10-Year trend in the prevalence and predictors of depression among patients with heart failure in the USA from 2007-2016


Aurora St Luke's Medical Center


BACKGROUND: Heart failure (HF) constitutes a major public health problem in the USA with self-management playing a key role in treatment. Depressed patients often have poor insights which correlates with increased rates of adverse events such as emergency room visits, admissions and readmissions, length of hospital stay and mortality.

AIM: To determine the prevalence, trends, and predictors of depression among community-based patients with HF in the USA, and its association with self-perceived health status.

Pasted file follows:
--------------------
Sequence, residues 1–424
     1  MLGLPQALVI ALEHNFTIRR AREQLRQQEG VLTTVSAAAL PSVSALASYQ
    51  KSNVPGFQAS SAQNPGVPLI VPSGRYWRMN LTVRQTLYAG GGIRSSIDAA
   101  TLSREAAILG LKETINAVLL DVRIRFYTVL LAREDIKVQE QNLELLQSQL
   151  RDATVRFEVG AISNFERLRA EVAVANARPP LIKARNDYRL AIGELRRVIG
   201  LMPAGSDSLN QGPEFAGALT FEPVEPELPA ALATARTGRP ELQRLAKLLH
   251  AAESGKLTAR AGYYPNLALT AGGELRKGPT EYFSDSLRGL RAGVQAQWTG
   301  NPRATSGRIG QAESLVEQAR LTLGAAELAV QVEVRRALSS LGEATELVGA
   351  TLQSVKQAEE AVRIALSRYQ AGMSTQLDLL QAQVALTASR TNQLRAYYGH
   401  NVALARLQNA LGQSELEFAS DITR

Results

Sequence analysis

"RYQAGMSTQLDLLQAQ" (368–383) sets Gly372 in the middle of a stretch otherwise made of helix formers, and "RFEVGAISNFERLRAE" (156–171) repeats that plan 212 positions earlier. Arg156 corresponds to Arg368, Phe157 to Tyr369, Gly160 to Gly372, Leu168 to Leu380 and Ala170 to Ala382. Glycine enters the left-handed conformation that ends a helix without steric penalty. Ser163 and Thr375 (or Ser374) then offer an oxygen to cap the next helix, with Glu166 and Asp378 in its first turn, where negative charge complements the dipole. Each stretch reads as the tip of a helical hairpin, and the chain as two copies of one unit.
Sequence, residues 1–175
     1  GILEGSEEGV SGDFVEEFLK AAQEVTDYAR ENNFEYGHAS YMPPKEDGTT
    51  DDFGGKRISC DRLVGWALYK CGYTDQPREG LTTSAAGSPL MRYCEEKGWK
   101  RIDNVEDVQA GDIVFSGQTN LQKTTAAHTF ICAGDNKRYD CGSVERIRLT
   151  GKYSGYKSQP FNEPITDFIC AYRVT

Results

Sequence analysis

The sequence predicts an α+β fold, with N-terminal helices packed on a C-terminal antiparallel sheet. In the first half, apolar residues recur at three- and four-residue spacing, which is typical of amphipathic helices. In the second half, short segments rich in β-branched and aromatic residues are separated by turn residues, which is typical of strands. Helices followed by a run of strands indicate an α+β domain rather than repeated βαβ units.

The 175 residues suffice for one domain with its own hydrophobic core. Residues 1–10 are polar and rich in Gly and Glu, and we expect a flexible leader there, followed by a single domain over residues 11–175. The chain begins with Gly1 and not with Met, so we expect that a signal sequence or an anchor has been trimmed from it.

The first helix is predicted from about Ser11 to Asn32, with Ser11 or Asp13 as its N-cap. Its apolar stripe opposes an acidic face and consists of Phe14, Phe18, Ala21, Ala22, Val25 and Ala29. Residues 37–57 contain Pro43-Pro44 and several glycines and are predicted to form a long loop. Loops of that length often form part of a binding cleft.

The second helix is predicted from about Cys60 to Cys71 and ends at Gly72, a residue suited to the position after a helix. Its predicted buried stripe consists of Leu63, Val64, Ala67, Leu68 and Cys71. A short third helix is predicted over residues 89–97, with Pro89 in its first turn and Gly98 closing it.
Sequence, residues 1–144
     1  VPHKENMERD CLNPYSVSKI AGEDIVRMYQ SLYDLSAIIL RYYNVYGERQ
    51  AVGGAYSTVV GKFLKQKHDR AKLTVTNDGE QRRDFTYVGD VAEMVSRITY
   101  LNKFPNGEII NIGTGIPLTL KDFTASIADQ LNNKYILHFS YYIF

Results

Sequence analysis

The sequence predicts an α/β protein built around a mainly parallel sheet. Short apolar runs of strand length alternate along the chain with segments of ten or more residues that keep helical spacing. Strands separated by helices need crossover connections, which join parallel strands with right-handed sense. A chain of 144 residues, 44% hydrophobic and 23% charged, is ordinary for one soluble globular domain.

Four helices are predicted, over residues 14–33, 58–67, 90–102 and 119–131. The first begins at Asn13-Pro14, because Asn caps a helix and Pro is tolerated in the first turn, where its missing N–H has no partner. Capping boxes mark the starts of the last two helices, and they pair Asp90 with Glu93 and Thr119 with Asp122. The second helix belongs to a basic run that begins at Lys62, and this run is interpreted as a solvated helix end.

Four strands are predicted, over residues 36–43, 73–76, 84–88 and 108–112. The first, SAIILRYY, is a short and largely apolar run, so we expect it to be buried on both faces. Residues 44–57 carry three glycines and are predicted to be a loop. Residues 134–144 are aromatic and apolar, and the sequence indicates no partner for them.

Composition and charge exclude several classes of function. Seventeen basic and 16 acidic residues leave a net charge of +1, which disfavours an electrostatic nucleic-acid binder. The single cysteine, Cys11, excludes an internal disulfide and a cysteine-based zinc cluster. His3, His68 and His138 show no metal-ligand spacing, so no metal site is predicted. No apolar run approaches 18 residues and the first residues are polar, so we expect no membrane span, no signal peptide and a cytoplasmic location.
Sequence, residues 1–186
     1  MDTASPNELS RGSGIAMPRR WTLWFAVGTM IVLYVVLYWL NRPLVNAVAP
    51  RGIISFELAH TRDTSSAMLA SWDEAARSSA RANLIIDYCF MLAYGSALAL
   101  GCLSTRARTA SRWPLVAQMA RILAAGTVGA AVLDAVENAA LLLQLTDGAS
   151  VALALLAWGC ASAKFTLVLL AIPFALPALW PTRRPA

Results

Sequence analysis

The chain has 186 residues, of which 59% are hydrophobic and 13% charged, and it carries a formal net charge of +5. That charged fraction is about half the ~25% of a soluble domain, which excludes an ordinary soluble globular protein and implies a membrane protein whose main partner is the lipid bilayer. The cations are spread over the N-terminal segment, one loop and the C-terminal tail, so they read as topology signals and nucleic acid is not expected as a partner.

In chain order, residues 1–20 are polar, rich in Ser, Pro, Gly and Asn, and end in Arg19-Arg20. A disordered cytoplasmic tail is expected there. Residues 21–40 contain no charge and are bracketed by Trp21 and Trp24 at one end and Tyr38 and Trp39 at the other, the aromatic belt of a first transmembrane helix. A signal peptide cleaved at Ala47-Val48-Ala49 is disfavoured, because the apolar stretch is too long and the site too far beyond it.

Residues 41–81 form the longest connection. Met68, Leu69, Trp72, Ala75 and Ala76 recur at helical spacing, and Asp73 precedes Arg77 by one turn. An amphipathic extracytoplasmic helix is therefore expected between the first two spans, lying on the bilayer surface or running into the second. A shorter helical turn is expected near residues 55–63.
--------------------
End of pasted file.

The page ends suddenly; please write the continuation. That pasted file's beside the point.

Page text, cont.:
METHODS: Using the 2007 through 2016 NHANES data, we identified patients with HF aged 20-80 years with completed PHQ-9 depression screening questionnaire. PHQ-9 scores ≥10 were considered diagnostic for depression. The Chi square test was used for comparison of prevalence of depression between subgroups with p < 0.05 considered statistically significant.

RESULTS: The prevalence of depression among community-based patients with HF was 17.3% and remained stable from 2007 through 2016. Female participants, persons

CONCLUSION: Over 1 in 6 community-based patients with HF suffers from depression with women, individuals

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